Freelancers can opt for a cloud storage system to facilitate the document signing exchange and prevent email loses. This not only makes it faster but provides the necessary insurance that the intellectual property is protected and the freelancer can focus on project deliverables.

In The End, Mind Your Head…

It’s best to protect your work beforehand than to have to go through all the stress of feeling double-crossed. Remember: never showcase the original work on websites or online portfolio services and always encourage new or reoccurring clients to sign NDAs.

Featured photo credit: Markus Spiske via flickr.com

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Published on October 8, 2019

How to Advance Your Career (and the Big Mistakes You May be Making)

How to Advance Your Career (and the Big Mistakes You May be Making)

The late writer William S. Burroughs once said that “When you stop growing, you start dying.” It might have a morbid undertone, but it’s one hundred percent true in terms of one’s career.

The days of finding a job with one company that you can stick with for 30 years, and simply relax as you move up its company escalator are few and far between in today’s world. This isn’t necessarily bad news. On the contrary, it means that you’re the one in charge of shaping your career advancement.

By putting these principles and behaviors into practice, you’ll begin to see how to advance your career quickly. Ready? Let’s get started…

1. Define What Success Is for You

There’s no right or wrong definition of what success in your career looks like. The important thing is to figure out what success looks like for YOU. It might, and probably will, change along the way, but if you don’t have some sort of milestone on the horizon, then you won’t know which direction to go in.

Think about success in your career in terms of one year, five years, and 10 years. Once you have that, it’s time to lace up your boots and get to work.

2. Learn How to Develop and Follow a Plan

Nobody just stumbles upon success accidentally. Sure, they may stumble upon breakthroughs or new methods accidentally, but all success stories have one thing in common — a plan.

Establish a timeline for the things that you want to achieve in your career in the next year, five years, 10 years, and so on. Consider the skills that you’ll need to learn to make these things happen and work on acquiring them.

3. Surround Yourself With Those Better Than You

It’s a rule of thumb among musicians that if you want to get better, then you need to get out of the bedroom and play with people who are better than you.

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By surrounding yourself with people who are better than you and where you want to be, you’ll not only see how these people climbed to where they are in their respective fields, but you’ll learn from them and naturally want to push yourself to be better in your own job as well.

4. Seek Out a Mentor(s)

A mentor will not only be able to help you refine and reach your career goals, but will be invaluable in landing promotions and finding unadvertised job openings.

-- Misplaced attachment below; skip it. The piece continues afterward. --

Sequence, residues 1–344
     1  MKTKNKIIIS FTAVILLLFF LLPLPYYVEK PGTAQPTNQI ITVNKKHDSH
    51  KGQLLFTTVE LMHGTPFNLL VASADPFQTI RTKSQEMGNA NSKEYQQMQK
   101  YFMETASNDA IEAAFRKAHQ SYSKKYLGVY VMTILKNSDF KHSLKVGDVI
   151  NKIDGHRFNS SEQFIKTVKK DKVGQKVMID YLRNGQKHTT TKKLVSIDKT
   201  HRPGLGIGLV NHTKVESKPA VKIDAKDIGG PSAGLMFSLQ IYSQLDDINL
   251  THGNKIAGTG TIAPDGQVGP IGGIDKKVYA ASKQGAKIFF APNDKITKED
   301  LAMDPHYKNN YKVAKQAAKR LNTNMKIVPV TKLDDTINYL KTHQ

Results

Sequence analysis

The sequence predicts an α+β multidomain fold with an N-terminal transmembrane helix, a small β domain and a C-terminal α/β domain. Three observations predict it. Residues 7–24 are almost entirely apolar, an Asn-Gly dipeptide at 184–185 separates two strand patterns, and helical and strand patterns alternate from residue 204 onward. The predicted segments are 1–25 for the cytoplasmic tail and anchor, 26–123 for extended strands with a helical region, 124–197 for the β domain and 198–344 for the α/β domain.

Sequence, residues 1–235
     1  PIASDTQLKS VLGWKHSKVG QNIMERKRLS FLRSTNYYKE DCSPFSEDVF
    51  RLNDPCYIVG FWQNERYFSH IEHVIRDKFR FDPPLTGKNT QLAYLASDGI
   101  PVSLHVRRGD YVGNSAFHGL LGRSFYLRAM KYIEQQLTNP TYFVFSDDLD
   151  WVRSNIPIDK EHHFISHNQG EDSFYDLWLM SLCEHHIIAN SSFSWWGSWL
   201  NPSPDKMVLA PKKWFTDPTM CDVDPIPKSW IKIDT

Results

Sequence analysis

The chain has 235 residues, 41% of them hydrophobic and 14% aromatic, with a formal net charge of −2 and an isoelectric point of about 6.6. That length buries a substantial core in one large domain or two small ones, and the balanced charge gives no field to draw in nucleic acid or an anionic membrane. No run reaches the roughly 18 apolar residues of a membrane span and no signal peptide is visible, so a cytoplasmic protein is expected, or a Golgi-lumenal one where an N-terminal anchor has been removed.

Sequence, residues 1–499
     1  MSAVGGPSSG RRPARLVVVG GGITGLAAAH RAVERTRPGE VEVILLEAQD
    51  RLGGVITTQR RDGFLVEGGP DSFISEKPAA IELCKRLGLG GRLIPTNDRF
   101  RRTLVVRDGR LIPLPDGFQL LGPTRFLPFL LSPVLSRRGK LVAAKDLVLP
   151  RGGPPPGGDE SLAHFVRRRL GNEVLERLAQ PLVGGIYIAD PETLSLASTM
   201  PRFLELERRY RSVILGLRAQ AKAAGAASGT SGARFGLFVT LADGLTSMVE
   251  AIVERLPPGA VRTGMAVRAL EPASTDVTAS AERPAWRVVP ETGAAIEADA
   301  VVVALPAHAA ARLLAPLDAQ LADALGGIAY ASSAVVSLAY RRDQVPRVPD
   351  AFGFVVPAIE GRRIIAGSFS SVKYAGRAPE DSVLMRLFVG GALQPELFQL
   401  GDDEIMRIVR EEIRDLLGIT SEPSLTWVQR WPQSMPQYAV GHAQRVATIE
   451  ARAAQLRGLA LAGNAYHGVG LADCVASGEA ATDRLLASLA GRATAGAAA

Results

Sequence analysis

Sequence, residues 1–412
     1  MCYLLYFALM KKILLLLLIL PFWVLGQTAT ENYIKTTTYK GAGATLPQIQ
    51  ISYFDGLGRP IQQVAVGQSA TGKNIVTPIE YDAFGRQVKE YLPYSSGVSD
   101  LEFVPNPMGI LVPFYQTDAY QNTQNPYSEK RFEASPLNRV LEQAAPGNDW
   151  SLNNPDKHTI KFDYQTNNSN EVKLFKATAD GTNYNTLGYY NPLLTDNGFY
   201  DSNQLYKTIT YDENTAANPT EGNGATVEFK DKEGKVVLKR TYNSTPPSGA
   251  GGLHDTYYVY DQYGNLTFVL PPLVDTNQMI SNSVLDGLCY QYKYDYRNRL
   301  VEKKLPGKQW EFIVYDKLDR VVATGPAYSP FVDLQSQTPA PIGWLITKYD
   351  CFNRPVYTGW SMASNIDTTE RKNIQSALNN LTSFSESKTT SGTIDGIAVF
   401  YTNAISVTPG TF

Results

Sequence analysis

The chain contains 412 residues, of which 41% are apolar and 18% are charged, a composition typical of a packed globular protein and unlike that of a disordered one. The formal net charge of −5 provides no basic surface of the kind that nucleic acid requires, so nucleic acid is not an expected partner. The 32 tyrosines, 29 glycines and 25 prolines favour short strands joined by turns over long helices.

One unique approach is to work on fostering a relationship with a mentor both within and outside of your company. This will help in giving you different perspectives as you rise up through the ranks in your company and career overall.

5. Stop Wasting Your Mornings

You may not think you’re a morning person, but if you can learn to be one, you’ll thank yourself 10 years down the road.

Prepare a to-do list of tasks that you want to accomplish the day before and work on knocking them out for at least one hour before you respond to morning emails. The problem with responding to emails first, is you’re giving your attention to somebody else’s agenda, instead of plotting your own course for the day.

6. Arrange or Attend a Networking Party

If you’re attending networking events simply because you might get a few free drinks, you’re doing them wrong. These events are great for meeting new people and forming relationships. Your goal shouldn’t be to get hired by the end of the night, but to simply make a good impression by being friendly and authentic. So what’s next?

Reach out a few days later via email or on social media to follow up and connect!

7. Pick Up Some New Skills

Nobody wants to be the old dog that can’t learn any new tricks. To move up in your career, you’re going to likely need to pick up new skills along the way. Maybe your company offers on-the-job training or you have the option of taking online classes at night.

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By learning new skills, you’ll not only be able to expand upon what you can already do, but you’ll make yourself more valuable to your employer and future employers.

8. Exploit the Benefits Already at Your Disposal

Remember what we just said about the possibility of your company providing on-the-job training? Take advantage of these sorts of benefits!

If you’re working for a company that allows you to job shadow other employees or has company mixers, you should attend these. They not only allow you to develop your skills within the company, but show seasoned executives within your field that you’re interested in more than just clocking in for a paycheck.